- The Afghan Students Initiative (ASI) was formed in September 2009 to engage local Afghan students with Carr Center programs and resources. It has since evolved into an active student group that seeks to promote discussion and awareness on issues of importance to Afghanistan. The group, which is the first of its kind in the Boston area, was organized in collaboration with fellows and staff from the Carr Center's State Building and Human Rights in Afghanistan and Pakistan program.
- The Kashmir Initiative hopes to bring inclusive dialogue and broader awareness of the complex issue of Kashmir. Kashmir’s geopolitical importance has increased drastically with the continuing war along Pakistan’s untamed western border and Afghanistan. Divided and disputed between India and Pakistan, Kashmir has seen conflict for the past 62 years. It has been identified by the U.S. government as the world’s most militarized dispute. This conflict is, however, more than a territorial dispute between two nuclear powers. As states negotiate solutions, the voice of Kashmiris who have suffered internal conflict and human rights abuses must not be lost in the cacophony of realpolitik.
- The Latin America Initiative examines the pressing human rights issues related to social conflicts that result from ethnic tensions, erosion in the practice of democracy, extreme poverty, and the war on drugs. In Latin America human rights abuses do not take extreme forms. Except for Argentina's Dirty War, the Pinochet dictatorship in Chile, Guatemala in the recent past and in Colombia at some stage in its civil war, genocide and other mass atrocities are not a current occurrence in the region. However, there are still many pressing issues that need to be addressed. Most of these are related either to the lack of legal enforcement throughout the region or to governmental abuses in face of weakening contending powers. In order to improve these conditions, it is important that democracies are strengthened and strong legal systems put in place or reinforced.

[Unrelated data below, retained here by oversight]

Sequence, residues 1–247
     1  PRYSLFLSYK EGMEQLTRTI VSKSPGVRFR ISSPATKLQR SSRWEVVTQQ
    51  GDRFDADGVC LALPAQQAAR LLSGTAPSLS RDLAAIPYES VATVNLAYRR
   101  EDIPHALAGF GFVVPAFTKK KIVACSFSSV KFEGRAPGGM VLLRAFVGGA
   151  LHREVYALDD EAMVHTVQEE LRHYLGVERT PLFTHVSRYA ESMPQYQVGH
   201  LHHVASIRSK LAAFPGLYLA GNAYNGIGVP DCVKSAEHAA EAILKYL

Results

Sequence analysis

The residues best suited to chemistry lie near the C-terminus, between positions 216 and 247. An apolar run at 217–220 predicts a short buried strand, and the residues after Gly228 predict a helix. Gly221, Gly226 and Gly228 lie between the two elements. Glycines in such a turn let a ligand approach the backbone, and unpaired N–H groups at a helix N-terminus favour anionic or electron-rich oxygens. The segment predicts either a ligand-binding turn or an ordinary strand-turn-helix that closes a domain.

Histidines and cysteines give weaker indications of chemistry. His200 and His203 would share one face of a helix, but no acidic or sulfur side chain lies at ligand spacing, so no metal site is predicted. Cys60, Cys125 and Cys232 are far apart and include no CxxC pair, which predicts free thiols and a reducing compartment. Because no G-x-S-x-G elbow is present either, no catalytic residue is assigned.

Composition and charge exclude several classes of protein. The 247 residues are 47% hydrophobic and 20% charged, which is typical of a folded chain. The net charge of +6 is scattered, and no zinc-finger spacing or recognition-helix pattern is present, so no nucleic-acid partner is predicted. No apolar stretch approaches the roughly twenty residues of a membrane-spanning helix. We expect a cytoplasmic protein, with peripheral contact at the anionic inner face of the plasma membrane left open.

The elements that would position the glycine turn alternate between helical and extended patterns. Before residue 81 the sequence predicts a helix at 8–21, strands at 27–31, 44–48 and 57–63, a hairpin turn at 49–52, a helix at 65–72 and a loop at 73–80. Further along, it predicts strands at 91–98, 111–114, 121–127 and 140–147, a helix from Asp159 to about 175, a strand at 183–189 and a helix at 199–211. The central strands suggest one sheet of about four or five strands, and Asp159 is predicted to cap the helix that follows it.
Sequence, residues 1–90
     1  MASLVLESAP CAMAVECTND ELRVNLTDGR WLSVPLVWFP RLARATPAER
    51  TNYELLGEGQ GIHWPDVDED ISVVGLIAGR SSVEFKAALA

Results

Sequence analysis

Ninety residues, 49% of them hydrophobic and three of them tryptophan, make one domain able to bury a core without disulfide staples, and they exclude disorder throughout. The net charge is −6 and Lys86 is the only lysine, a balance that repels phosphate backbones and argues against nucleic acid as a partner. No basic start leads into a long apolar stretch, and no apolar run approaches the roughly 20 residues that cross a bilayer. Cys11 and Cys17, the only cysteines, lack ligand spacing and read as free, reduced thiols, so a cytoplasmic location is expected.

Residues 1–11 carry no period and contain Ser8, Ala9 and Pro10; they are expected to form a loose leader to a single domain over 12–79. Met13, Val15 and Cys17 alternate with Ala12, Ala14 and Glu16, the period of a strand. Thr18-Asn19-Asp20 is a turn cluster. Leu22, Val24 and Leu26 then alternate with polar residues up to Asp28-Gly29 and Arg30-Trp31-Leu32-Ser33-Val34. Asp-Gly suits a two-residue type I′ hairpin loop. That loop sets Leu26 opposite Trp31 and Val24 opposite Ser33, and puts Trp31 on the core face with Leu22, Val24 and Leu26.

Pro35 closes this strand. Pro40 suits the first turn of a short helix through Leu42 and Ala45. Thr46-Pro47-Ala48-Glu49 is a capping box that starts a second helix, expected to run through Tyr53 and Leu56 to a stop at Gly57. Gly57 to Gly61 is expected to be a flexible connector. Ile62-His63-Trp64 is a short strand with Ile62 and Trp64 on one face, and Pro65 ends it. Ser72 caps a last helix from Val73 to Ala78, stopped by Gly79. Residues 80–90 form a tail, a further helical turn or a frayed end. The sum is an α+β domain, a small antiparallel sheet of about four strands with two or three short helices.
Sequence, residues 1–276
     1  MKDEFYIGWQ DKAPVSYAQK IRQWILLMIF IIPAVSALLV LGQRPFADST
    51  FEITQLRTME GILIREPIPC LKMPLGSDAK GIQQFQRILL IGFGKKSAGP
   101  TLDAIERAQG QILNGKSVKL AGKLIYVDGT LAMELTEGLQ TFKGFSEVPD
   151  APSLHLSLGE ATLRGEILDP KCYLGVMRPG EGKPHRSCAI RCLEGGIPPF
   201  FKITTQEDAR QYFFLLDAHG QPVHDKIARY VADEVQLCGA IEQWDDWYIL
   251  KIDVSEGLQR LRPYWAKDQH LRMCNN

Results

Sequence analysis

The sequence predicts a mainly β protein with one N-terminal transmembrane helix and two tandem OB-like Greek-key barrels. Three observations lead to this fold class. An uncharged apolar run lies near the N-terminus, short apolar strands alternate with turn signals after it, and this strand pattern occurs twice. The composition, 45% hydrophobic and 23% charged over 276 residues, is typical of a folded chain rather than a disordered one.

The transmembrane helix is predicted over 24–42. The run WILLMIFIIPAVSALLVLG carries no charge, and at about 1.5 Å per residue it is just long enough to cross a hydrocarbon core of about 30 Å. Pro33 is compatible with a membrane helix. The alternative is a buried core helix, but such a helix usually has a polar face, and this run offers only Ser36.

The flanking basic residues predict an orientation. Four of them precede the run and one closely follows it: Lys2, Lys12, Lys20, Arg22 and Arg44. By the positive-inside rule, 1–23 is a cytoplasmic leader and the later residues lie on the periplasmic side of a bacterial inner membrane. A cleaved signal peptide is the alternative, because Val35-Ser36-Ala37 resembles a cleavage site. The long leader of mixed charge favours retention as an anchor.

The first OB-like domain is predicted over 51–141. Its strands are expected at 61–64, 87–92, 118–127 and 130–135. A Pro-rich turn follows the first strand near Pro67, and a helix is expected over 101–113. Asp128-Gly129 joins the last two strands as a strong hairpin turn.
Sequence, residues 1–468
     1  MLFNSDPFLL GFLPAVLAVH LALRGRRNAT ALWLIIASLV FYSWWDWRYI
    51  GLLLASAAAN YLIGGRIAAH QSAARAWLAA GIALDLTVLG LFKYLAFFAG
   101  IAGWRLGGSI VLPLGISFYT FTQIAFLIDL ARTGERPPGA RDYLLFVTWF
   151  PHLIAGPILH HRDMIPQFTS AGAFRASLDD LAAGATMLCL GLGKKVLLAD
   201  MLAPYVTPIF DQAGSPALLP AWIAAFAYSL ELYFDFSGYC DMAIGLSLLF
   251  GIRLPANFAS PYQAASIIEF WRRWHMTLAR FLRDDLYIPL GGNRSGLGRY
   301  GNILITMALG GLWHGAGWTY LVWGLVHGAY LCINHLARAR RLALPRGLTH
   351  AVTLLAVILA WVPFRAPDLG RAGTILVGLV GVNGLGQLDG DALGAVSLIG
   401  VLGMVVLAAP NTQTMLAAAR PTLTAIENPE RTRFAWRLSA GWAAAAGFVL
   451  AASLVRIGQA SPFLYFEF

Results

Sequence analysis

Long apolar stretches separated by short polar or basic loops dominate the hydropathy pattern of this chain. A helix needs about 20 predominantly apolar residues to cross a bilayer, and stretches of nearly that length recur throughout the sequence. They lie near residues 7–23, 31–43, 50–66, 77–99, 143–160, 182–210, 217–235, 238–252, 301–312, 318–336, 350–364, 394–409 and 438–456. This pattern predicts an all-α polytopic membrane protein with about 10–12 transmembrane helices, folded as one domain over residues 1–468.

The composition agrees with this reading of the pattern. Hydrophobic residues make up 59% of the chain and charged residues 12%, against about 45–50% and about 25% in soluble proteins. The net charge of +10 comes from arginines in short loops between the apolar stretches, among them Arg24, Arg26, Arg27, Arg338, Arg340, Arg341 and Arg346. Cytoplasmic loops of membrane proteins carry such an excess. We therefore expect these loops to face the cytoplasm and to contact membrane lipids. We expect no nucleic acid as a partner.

- The Gebran G. Tueni Human Rights Fellowship, sponsored by gift from the Hariri Foundation-USA, supports two 10-month fellowships per year during a three-year period for scholars, journalists, writers, and human rights activists from Lebanon or Iraq to conduct research in residence at the Carr Center. Each of the Gebran G. Tueni Fellows will undertake a major research project focusing on the areas of freedom of speech, arbitrary detention, or discrimination against minorities, displaced populations, or other vulnerable groups in one or more countries in the Middle East.
- The Right to Water Initiative uses a human rights framework to examine global inequalities in access to clean water and sanitation. Nearly one billion people do not have access to drinking water, nearly 2.6 billion people lack access to sanitation, and nearly 1.6 million people die every year from water and sanitation-related diseases. However, improving access to water is not simply a question of engineering or science. At the heart of the problem lie fundamental legal, political and moral questions.
Human Rights Professional Interest Council (HRPIC) is a student-led organization at HKS committed to exploring and better understanding human rights in practice. Activities this year will include career events, writing opportunities, and monthly "HR Lab" sessions, where the PIC brings students and practitioners together to discuss and analyze specific HR issues.
A list of former programs can be found on the Carr Center's website: *http://www.hks.harvard.edu/cchrp/programareas/pastprograms.php
- Mission statement of the Carr Center, retrieved September 16, 2013